Students share their life lessons
Bainbridge Rotary Club members recently heard about the impact of the Laws of Life essay contest is having on students’ minds and how Bainbridge High School has contributed to the contest’s success.
A program sponsored by the Rotary Clubs of Georgia, Laws of Life has been helping schools, families and communities to focus young people on their values and then publicly recognize them for committing their principles to writing, in the hope that young people will exemplify them, said BHS English teacher Jeanine Halada, who oversees the essay contest locally.
BHS has been participating in the program for four years. This year, out of 1,584 students, 1,167 wrote Laws of Life essays, for a 74 percent school participation rate, Halada said. In fact, BHS contributed 2.6 percent of all the essays submitted statewide.
Halada introduced four BHS students recognized locally for their essays: Austin Spooner, ninth-grade winner; Ashley Ellison, 10th-grade and overall school winner; Allison Webb, 11th-grade winner; and Kayla Hurley, 12th-grade winner.
Ellison wrote her winning essay about her family’s experience in becoming a foster family for an infant girl. Ellison described the excitement and fulfillment that came as her family witnessed the baby’s special “first” moments and cared for her. Although the family ultimately had to relinquish the baby to one of its aunts, Ellison said she coped by thinking on the phrase, “Letting go doesn’t mean giving up, but rather accepting the fact that some things cannot be.”
In her essay, Hurley reflected on a difficult time she experienced after she was punished for mistakes she had made while on “a path of self-destruction.” Suspended from BHS, Hurley found herself at a night-time alternative school. After talking with a classmate who was a foster child and had lost his parents traumatically, Hurley realized she had a lot to be thankful for and began to move away from self-pity and rather, work to learn from her experience.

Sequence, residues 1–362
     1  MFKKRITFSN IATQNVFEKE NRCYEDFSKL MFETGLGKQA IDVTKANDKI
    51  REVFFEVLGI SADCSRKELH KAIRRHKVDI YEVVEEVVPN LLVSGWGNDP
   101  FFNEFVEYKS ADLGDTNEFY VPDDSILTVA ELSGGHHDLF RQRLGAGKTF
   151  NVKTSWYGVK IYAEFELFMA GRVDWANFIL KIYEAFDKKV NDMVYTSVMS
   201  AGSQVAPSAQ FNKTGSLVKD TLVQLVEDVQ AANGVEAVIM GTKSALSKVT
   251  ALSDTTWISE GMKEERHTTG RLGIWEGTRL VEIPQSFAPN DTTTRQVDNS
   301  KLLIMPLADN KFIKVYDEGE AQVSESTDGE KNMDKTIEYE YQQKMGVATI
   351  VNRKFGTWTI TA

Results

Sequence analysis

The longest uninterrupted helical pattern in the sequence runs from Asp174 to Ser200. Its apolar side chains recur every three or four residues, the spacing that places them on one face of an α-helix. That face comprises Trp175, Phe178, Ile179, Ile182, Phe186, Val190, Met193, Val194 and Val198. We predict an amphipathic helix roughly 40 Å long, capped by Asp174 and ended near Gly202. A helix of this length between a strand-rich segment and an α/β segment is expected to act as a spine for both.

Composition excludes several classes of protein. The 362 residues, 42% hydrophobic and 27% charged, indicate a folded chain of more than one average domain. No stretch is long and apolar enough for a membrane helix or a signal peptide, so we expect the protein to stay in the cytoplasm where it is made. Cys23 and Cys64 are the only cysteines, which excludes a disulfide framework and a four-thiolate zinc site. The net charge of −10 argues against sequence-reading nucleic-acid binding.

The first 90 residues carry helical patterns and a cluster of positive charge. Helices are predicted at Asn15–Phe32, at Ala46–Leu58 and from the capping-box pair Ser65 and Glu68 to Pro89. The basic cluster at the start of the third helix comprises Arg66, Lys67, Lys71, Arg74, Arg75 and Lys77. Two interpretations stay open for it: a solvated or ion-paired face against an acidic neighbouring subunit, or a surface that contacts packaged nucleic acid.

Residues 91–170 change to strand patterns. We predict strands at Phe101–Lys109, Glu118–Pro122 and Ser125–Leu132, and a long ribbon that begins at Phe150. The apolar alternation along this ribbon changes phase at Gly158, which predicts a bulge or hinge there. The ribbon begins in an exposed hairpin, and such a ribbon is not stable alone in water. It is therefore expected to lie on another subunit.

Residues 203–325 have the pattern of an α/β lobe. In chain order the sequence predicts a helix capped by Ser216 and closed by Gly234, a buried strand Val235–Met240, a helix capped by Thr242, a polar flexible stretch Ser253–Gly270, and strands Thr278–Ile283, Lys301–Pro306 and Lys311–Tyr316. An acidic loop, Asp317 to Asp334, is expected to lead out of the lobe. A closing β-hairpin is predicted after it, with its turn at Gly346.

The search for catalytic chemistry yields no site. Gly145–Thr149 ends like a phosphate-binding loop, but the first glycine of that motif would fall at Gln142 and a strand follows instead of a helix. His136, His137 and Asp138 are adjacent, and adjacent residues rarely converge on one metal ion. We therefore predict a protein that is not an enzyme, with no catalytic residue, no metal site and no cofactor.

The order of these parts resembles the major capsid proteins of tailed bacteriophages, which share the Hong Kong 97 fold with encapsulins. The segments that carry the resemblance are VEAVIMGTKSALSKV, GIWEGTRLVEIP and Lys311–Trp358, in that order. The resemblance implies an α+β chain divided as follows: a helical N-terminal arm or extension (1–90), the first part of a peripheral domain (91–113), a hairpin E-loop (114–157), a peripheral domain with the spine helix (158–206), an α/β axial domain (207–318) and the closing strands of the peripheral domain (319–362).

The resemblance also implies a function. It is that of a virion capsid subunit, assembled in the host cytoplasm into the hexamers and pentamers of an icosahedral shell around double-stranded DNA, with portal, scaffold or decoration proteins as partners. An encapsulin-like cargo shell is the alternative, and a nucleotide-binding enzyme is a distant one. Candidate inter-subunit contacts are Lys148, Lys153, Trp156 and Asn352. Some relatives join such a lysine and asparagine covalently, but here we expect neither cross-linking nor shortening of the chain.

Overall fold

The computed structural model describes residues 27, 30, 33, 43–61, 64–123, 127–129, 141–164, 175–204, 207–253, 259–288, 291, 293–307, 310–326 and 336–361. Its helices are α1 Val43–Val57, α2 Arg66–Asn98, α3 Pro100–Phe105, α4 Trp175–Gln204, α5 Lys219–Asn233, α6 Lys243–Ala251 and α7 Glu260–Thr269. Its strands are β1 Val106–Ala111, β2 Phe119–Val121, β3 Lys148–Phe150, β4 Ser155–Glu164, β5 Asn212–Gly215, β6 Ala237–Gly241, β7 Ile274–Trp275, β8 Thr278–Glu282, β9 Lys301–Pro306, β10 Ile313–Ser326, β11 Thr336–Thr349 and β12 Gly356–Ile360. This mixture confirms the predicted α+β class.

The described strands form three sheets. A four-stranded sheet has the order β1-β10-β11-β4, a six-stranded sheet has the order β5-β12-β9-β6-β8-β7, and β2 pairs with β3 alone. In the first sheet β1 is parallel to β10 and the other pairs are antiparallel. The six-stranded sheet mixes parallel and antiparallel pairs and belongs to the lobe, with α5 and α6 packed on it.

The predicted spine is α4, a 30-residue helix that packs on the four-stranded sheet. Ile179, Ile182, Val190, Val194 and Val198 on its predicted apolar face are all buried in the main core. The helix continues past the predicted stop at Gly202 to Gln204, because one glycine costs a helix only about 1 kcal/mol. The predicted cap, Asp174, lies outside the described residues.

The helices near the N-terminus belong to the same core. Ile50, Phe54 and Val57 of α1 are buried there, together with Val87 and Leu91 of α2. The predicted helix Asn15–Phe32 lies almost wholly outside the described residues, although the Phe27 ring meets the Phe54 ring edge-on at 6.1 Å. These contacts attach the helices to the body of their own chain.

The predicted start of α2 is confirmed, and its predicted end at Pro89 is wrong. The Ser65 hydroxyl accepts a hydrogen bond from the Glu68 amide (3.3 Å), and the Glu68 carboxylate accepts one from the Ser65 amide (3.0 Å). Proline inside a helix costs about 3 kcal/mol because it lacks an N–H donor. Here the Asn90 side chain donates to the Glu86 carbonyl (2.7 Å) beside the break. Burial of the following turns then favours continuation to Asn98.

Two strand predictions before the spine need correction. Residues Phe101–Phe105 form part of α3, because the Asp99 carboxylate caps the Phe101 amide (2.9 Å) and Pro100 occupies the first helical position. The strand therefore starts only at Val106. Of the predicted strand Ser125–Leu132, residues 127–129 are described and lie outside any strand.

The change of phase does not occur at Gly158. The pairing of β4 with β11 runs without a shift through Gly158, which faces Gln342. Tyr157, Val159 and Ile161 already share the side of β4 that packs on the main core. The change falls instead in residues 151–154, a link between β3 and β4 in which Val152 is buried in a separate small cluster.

Webb based her essay around the metaphor of life as a game of cards. After undergoing some difficult childhood experiences, life seemed like it was getting worse for Webb after she had to go live with her aunt. However, Webb came to realize how much her aunt and other relatives loved her and were willing to help her with the trials of being a teenager. Webb’s maxim was, “We cannot change the cards we are dealt, just how we play the hand.”
Spooner’s essay chronicled his time spent as a volunteer for President Barack Obama’s 2008 election campaign. Spooner recalled being contacted by a campaign volunteer, Kira, who helped him form an eager interest in registering voters and spreading the word about Obama’s candidacy. Spooner was upset after learning Obama’s campaign efforts in Georgia were being shifted to Florida because of poll numbers, but he later got a second chance to help the campaign in Tallahassee, with the encouragement of his mother.
The Georgia Laws of Life Web site is http://www.georgialawsoflife.org.